Margery de Lacy: Birth: ABT 1234.
Isabel FITZ-JOHN: Birth: ABT 1239. Death: WFT Est 1257-1323
John FitzJohn: Birth: ABT 1228. Death: 1258
Title: Dormant, Abeyant, Forfeited, and Extinct Peerages
Page: p. 53, Bigod, Earls of Norfolk
Author: Sir Bernard Burke
Publication: Burke's Peerage, Ltd., London, England, 1883
Title: Automated Family Pedigrees - #1
Author: United Ancestries, Automated Archives, Inc.
Publication: CD-100, Banner Blue Software, 1994
Title: Ancestral Roots of Certain American Colonists Who Came to America bef 1760
Author: Frederick Lewis Weis
Publication: 7th ed Genealogical Publishing, Baltimore 1992
Title: Mann Database
Author: Ed Mann
Title: Ancestral File� v4.19
Publication: Church of Jesus Christ of Latter Day Saints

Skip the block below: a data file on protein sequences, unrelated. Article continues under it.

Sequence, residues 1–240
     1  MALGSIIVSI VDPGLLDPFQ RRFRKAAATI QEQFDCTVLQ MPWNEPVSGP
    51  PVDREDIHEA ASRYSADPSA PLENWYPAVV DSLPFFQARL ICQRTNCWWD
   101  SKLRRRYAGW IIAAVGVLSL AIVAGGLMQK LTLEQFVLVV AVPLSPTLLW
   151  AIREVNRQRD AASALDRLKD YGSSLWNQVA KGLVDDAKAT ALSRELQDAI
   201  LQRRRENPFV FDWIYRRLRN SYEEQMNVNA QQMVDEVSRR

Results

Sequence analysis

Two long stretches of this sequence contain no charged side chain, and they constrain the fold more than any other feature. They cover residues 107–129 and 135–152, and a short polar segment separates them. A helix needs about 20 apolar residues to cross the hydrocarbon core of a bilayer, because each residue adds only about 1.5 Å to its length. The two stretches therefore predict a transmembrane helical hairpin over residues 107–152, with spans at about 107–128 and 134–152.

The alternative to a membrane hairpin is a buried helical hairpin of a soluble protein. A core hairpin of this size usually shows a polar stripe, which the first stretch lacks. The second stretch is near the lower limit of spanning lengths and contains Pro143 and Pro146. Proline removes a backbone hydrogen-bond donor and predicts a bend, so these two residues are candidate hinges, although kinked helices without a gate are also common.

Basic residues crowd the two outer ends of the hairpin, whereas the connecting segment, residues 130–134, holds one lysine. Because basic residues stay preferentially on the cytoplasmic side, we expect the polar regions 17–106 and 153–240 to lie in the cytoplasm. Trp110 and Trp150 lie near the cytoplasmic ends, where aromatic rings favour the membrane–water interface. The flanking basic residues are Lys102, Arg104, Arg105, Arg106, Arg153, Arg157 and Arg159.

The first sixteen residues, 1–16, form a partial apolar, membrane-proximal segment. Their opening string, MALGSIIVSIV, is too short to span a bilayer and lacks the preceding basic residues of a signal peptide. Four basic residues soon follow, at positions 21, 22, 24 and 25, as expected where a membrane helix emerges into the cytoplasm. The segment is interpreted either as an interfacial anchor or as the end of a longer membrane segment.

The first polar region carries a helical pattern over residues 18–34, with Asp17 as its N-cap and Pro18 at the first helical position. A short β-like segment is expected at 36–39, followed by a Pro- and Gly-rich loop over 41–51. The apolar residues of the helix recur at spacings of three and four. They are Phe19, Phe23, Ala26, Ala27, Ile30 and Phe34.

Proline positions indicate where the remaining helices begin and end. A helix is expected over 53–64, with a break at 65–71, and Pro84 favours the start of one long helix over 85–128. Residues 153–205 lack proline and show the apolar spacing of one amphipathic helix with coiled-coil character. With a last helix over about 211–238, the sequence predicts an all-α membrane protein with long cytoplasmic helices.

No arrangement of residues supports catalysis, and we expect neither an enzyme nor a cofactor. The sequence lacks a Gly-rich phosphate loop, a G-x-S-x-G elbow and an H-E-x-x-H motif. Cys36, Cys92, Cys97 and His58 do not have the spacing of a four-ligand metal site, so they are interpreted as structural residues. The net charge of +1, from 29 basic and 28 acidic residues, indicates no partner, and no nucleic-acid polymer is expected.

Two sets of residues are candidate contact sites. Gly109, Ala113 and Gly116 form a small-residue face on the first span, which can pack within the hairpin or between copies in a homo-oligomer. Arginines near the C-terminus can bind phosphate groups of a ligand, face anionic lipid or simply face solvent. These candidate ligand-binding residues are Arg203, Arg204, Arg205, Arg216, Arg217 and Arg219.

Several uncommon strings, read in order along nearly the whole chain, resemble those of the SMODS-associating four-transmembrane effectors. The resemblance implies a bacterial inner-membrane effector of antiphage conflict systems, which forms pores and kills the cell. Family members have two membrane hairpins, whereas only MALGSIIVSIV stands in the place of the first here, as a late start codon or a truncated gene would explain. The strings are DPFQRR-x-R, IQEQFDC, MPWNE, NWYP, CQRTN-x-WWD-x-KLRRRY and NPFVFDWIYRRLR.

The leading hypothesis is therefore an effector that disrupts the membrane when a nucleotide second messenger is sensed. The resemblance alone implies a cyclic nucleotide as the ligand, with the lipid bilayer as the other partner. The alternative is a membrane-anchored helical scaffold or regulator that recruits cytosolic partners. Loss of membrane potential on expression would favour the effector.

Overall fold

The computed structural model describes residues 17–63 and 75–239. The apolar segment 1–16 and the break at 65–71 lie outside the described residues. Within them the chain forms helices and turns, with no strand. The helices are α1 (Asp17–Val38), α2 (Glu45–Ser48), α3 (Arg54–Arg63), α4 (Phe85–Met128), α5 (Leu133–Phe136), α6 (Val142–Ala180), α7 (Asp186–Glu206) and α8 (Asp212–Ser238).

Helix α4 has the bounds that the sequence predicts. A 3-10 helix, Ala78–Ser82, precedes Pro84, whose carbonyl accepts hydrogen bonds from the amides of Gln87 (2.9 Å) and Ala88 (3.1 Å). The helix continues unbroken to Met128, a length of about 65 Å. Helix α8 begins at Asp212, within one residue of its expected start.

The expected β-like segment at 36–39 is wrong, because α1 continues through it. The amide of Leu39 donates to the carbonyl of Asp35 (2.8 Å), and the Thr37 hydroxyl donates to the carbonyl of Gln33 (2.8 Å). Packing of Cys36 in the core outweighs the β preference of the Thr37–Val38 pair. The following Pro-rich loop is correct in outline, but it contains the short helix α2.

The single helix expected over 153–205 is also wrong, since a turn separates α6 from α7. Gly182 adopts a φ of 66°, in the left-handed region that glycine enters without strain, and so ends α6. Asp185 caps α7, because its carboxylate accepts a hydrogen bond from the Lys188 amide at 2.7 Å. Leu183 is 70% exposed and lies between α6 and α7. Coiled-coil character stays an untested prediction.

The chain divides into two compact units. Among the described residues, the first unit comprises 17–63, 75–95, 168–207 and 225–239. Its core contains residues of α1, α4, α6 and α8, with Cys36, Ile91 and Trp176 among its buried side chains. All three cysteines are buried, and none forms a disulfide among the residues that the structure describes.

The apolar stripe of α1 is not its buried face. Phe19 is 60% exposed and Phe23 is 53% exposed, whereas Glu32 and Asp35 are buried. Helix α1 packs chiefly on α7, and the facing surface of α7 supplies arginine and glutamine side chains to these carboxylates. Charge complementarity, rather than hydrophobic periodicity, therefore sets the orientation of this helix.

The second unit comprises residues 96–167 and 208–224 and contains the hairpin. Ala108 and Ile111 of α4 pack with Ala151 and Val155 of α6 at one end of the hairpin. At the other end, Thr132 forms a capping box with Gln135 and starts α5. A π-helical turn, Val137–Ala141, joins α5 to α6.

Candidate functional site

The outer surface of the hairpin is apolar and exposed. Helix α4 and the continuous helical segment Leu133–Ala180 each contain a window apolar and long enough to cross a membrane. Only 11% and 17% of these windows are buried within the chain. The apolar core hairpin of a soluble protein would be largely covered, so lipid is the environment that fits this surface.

Note: [ralphroberts.ged] [chaas2.ged] 1. WFT Volume 7, Tree #3325, Volume 5, Tree #514, #1914, #1563, Volume 6, Tree #1556 2. Royal Ancestors of Some LDS Families compiled by Michel L. Call: Pg.127,#23, chart 212; Pg. 156,#1, chart 359. 3. Ref; Crispin and Macary, "The Falaise Rolls". pg 98. Ref: Burke, pg. 53: According to Wurts Roger is the brother, not the father of Isabel Bigod. If this is the case, then she would appear as another child of Hugh. This possible error does not disrupt the lineage. 4. "Ancestors of Homer Beers" (Internet) Bigod Line (Earls of Norfolk) Ref; Crispin and Macary, "The Falaise Rolls". pg 98.; Burke, pg. 53: Isabel Bigod married (1) Gilbert de Lacy, Lord of Meath in Ireland, son of Walter de Lacy, Lord of Meath and his wife Margaret Braos. Gilbert de Lacy had died during his father's lifetime in 1230 and Walter's only heiresses were his two granddaughters, children of this son Gilbert de Lacy and his wife, Isabel. Isabel married (2) John FitzGeoffrey (FitzPiers?), Lord of Berkhampstead, Sheriff of Yorkshire, in 1234, Lord Justice of Ireland, in 1246, son of Geoffrey FitzPiers, Earl of Essex, by Aveline his 2nd wife. See Burke, pg. 208. John, being next male heir of that family on the death of William FitzPiers, Earl of Essex, in 1227, paid a fine to the king of 300 marks for those lands which were his father's and did by hereditary right belong to him, whereof this last Earl William died seised. In the 18th year of Henry III., this John was constituted Sheriff of Yorkshire; and in the 21st year of the same reign, upon the treaty then made between the king and the barons, whereby, in consideration of the great charter and charters of the forests being confirmed, a thirtieth part of all men's moveables were given to the king, this feudal lord was admitted one of the privy council held at London, he was one of those at the time sent to the Pope's legate, to prohibit his attempting anything therein prejudicial to the interests of the king and kingdom. In eight years afterwards, John Fitz Geoffrey was one of the commissioners sent from King Henry (with Roger Bigod, Earl of Norfolk, and others) to the council at Lyons, in order to complain of the great extractions made upon the realm by the holy see; and the next year, 1246, was constituted Justice of Ireland, where, for his services, he received a grant from the crown of the Isles of Thomond. John was the feudal lord of Berkhampstead and Kirtling manors, and of Shere, Fambridge and other estates. He died in November 1258. They had the following children: 1. John FitzJohn, died in 1258, succeeded by a son, John Fitz-John. He also had a daughter, Maud FitzJohn, widow of Gerard de Furnival, who married (2) William de Beauchamp, 6th Baron de Beauchamp, of Elmsley, created Earl of Warwick, who died in 1298, leaving a daughter Isabel Beauchamp, who married Patrick de Chaworth, d.s.p.m., in 1282, son of Patrick, 4th Baron de Chaworth, and Hawise, his wife, daughter of Thomas de Londres, of Kidwilly, in Wales. The had a daughter Maud Chaworth, widow of Henry Plantaganet, 3rd Earl of Lancaster, who died in 1345. She married (2) Hugh Despencer. The son, John, married Margery Basset, daughter of Philip Basset, Justice of England. Joining Montfort, Earl of Leicester, and the other turbulent barons, this John Fitz-John had a chief command at the battle of Lewes; after which, marching towards Wales, he reduced Richard's Castle (the chief seat of Hugh de Mortimer), and the Castle of Ludlow. He was subsequently constituted, by grant of the barons, Sheriff of Westmoreland, and keeper of the castles in those parts; and likewise Governor of Windsor Castle; but sharing the fate of his party at the battle of Evesham, he became a prisoner in the hands of the royalists, when the inheritance of his lands appears to have been given, by the king, to Clare, Earl of Gloucester; but he had permission afterwards to compound for them under the "dictum of Kenilworth." He was summoned to parliament as a baron, December 14, 1264, but d.s.p. in 1276, when that dignity expired. He was succeeded in his estates by his brother, Richard. 2. Richard FitzJohn, who upon doing homage, and paying his relief, had livery of all his lands in the counties of Norfolk, Bucks, Devon, Surrey, Wilts, Southampton, Essex. and Northampton. In the 10th year of Edward I., he was in the Welsh wars, and was summoned to parliament as a baron, June 23, 1295, but d.s.p. in 1297, in Gascony during the wars of France, when the barony of Fitz-John became extinct, while his lands devolved upon his heirs: Maud, Countess of Warwick, his eldest sister, who died in 1300; Robert Clifford, son of Isabel Clifford, daughter of Isabel Fitz-John, who married Robert de Vipount, his 2nd sister, and Idonea Leyburne, another daughter of Isabel; Richard de Burgh, Earl of Ulster, son of Aveline, his 3rd sister; and Joane, wife of Theobald le Boteler, his 4th sister. Richard married Emma _______, who died January 26, 1331-32. 3. Maud FitzJohn (FitzGeoffrey) 4. Isabel FitzGeoffrey, married Robert de Vipount 5. Aveline FitzGeoffrey 6. Joan FitzGeoffrey
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